Background: Recent studies have suggested the length of treatment of intra-abdominal infections (IAIs) can be shortened without detrimental effects on patient outcomes. However, data from high-risk patient populations are lacking. We hypothesized that patients at high risk for treatment failure will benefit from a longer course of antimicrobial therapy. Methods: Patients enrolled in the Study to Optimize Peritoneal Infection Therapy (STOP-IT) trial were evaluated retrospectively to identify risk factors associated with treatment failure, which was defined as the composite outcome of recurrent IAI, surgical site infection, or death. Variables were considered risk factors if there was a positive statistical association with treatment failure. Patients were then stratified according to the presence and number of these risk factors. Univariable analyses were performed using the Kruskal-Wallis, χ2, and Fisher exact tests. Logistic regression controlling for risk factors and original randomization group, either a fixed four-day antimicrobial regimen (experimental) or a longer course based on clinical response (control), also was performed. Results: We identified corticosteroid use, Acute Physiology and Chronic Health Evaluation II score ≥5, hospital-acquired infection, or a colonic source of IAI as risk factors associated with treatment failure. Of the 517 patients enrolled, 263 (50.9%) had one or two risk factors and 16 (3.1%) had three or four risk factors. The rate of treatment failure rose as the number of risk factors increased. When controlling for randomization group, the presence and number of risk factors were independently associated with treatment failure, but the duration of antimicrobial therapy was not. Conclusions: We were able to identify patients at high risk for treatment failure in the STOP-IT trial. Such patients did not benefit from a longer course of antibiotic administration. Further study is needed to determine the optimum duration of antimicrobial therapy in high-risk patients.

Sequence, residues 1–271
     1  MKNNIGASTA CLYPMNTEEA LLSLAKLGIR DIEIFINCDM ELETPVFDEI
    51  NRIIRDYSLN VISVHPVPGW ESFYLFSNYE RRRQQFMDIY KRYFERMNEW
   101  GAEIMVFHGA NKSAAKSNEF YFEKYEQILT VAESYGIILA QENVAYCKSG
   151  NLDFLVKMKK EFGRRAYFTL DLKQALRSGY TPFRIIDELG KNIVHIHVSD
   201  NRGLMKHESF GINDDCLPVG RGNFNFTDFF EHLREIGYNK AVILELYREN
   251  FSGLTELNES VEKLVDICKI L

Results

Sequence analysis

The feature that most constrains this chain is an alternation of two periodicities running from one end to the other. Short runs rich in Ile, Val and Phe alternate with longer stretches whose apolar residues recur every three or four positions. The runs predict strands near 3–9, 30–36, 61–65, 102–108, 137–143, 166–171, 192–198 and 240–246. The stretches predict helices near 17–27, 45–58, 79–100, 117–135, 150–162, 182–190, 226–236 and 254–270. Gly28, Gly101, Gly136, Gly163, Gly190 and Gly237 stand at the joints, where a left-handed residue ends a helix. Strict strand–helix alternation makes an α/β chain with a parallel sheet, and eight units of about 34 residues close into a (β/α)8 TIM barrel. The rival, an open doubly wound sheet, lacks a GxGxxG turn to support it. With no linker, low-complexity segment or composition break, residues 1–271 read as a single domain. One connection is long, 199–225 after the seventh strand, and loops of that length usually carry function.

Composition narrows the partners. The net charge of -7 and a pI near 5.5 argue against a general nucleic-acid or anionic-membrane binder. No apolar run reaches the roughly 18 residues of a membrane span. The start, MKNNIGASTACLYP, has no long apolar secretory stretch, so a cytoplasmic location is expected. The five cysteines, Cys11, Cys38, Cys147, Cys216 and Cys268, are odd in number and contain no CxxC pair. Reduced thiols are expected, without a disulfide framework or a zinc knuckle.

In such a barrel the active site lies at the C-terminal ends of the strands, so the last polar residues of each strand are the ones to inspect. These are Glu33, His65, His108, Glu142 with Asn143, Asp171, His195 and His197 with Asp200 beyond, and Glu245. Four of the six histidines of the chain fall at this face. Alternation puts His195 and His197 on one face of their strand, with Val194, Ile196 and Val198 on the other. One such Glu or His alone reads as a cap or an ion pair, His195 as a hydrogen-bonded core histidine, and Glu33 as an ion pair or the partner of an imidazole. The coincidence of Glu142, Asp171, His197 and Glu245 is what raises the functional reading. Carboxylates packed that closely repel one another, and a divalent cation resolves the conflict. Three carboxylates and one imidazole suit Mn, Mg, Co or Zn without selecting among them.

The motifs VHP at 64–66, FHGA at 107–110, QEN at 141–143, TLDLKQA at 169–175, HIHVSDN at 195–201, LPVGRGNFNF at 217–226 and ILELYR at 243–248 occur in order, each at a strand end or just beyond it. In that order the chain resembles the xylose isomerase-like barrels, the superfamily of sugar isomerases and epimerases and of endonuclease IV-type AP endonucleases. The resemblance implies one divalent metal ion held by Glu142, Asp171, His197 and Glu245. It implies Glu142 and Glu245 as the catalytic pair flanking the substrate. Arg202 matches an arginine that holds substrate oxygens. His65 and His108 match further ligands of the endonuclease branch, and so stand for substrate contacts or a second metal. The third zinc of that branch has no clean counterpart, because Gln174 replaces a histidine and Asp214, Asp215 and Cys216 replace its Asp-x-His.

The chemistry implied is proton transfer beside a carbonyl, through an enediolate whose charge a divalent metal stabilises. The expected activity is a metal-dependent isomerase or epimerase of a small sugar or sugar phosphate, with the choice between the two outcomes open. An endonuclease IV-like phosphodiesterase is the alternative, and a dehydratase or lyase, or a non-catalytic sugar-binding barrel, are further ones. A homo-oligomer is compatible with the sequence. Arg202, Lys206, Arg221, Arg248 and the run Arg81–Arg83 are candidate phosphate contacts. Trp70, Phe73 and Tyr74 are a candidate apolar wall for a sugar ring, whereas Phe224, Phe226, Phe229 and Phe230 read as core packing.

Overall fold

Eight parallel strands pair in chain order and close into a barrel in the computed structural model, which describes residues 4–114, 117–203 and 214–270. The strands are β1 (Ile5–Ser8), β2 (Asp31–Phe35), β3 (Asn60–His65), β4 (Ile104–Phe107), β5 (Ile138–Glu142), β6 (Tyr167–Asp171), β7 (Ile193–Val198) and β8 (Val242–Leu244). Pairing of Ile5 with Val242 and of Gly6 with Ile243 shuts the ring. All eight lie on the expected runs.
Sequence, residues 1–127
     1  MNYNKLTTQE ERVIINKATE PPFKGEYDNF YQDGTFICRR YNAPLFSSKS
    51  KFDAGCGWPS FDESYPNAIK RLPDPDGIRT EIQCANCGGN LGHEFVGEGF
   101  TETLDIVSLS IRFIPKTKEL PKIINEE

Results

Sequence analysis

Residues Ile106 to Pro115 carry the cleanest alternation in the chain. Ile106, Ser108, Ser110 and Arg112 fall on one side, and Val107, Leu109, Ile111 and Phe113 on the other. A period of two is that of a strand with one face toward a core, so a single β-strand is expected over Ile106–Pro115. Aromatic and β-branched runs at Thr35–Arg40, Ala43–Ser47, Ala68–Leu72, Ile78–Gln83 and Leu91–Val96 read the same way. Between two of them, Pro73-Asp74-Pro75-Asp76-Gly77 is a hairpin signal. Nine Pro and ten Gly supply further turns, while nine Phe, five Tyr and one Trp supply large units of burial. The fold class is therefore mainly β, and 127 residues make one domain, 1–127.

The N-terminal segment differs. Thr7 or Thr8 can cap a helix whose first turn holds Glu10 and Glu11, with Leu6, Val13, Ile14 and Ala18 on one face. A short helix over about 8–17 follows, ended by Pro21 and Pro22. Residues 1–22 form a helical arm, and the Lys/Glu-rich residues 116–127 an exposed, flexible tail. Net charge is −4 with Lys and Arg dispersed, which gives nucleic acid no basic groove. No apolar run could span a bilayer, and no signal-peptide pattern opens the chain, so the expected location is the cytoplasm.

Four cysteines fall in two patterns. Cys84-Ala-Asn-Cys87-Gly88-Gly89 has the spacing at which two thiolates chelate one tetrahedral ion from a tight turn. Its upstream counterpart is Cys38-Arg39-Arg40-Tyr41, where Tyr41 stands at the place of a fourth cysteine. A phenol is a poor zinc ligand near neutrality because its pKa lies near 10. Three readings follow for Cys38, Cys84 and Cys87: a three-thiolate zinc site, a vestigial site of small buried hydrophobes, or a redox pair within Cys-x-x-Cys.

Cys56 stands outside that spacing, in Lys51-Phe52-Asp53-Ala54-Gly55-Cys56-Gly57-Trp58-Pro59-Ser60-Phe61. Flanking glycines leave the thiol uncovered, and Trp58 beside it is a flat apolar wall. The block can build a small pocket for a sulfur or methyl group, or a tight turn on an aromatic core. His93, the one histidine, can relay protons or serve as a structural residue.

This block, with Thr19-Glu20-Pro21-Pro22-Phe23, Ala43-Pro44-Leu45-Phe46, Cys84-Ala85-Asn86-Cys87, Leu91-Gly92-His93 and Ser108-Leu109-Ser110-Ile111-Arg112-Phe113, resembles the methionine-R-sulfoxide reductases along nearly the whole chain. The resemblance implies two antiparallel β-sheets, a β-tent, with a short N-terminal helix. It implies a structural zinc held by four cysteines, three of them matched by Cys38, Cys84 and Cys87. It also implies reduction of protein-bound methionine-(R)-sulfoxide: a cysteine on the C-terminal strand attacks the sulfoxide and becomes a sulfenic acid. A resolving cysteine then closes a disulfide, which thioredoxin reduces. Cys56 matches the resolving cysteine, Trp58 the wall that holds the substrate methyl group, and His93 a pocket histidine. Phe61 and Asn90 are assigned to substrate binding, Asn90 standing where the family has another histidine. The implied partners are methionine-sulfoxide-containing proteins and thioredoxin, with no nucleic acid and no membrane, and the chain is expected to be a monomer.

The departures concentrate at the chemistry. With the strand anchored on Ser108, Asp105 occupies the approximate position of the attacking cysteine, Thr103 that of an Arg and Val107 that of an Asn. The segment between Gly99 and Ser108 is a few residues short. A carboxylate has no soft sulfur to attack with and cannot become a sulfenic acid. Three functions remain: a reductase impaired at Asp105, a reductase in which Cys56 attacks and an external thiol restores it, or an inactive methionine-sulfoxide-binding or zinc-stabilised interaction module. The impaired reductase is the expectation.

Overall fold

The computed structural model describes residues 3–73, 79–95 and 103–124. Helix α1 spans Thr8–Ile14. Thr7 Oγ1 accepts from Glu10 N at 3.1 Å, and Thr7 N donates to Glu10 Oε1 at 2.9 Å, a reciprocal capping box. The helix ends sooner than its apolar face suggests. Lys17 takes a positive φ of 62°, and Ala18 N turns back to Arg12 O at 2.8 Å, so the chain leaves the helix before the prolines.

Bibliographical noteFunding Information:
Funding for this study was provided by National Institutes of Health Grant R01 GM081510.